It is difficult to know who you truly are when your origin story has been hidden from you. This difficulty is further complicated by the fact that what becomes familiar to you might turn out to be the farthest thing from your true self. In my case, I spent a good portion of my life allowing other people’s narratives about adoption to shape my own story.
Adoption is a beautiful thing.
It’s a win-win.
It’s the perfect solution for birth parents and hopeful parents alike.
I got ‘saved.’
I am grateful.
I am one of those adoptees who has had a really kickass life. Unlike so many adoptees who find themselves with adoptive parents who don’t genuinely love them, or worse, abuse and neglect them, I honestly believe my family loves me unconditionally. I’ve put them through a lot, so I’ve kind of tested this theory on multiple occasions. I yelled at my adoptive mom once, in a fit of teenage angst, that I wanted to find my ‘real’ mom. I ran away not infrequently. I did drugs. I dated unsavory people. I pronounced, to my very Christian family, that I was an atheist. I became a philosophy professor. They are still here and love me all the same.
And I love them, tremendously. But they have always been simultaneously familiar and unfamiliar to me. Because they are family by association, but not by birth.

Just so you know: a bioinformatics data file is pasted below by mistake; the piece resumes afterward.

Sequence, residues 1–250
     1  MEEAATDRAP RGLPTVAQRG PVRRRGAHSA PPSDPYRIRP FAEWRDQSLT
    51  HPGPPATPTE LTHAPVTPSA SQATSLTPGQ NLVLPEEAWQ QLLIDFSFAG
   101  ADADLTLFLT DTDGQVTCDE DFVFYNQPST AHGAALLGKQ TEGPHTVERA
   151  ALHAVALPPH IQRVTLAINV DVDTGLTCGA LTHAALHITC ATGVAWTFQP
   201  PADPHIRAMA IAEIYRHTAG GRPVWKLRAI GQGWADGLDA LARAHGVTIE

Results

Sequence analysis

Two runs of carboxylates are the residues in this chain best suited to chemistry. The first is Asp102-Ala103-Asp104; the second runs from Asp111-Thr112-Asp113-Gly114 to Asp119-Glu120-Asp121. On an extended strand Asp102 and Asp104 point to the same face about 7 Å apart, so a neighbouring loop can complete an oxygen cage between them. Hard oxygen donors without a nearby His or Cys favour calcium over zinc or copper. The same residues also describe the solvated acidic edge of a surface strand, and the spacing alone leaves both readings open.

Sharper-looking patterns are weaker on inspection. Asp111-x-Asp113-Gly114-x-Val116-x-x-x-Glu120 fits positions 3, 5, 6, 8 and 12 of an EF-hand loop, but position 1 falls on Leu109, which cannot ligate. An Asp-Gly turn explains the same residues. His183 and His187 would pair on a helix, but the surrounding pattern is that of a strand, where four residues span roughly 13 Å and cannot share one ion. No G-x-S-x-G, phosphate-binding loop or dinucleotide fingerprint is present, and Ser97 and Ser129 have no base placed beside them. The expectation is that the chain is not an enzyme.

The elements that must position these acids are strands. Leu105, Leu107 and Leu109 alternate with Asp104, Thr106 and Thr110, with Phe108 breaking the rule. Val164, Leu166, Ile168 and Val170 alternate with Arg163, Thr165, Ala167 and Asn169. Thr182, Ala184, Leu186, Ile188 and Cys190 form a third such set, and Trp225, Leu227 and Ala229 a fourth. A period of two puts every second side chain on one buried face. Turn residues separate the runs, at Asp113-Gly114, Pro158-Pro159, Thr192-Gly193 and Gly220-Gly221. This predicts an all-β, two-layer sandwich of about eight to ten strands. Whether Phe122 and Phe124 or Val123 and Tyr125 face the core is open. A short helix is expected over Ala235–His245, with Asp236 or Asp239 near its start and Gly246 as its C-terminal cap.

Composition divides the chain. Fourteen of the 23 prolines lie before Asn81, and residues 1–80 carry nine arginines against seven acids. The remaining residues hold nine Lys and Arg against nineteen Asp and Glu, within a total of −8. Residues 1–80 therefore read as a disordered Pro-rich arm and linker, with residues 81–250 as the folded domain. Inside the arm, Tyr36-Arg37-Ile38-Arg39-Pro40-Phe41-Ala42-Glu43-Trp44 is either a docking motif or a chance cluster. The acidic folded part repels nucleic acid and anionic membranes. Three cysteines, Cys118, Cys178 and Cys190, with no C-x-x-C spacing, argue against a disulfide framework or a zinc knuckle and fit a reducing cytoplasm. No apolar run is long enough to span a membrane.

This is what all adoptees feel, if I may be permitted on this rare occasion to speak for a whole group. No, not all adoptees grow up the way I did. But all adoptees, whether in good adoptive families or not, feel the pull to know their origins and to return home to themselves. Some don’t feel this until later in life. Some claim they never do. I think the reason some adoptees are reluctant to admit this very basic need that drives them around like an ant trying to find its way amidst a vista of strange yet familiar surroundings is because they fear loss.
There has already been a huge loss of my original family, so I better not upset my adoptive family and lose them too.
A strange co-dependency often develops between adoptees and their adoptive parents whereby the adoptee engages in excessive praise and admiration for their ‘savior’ parents, and might even express great anger or disinterest in their natural family. This false consciousness is helped along by the cultural narrative surrounding adoption — the story that claims adoption is a wonderful thing, full stop, and adoptees should be so grateful they were adopted.
Adoptees internalize this narrative and it frames our entire lives. By being told we ought to be grateful, we often lose sight of what is truly in our hearts, our internal compass trying so desperately to navigate us home.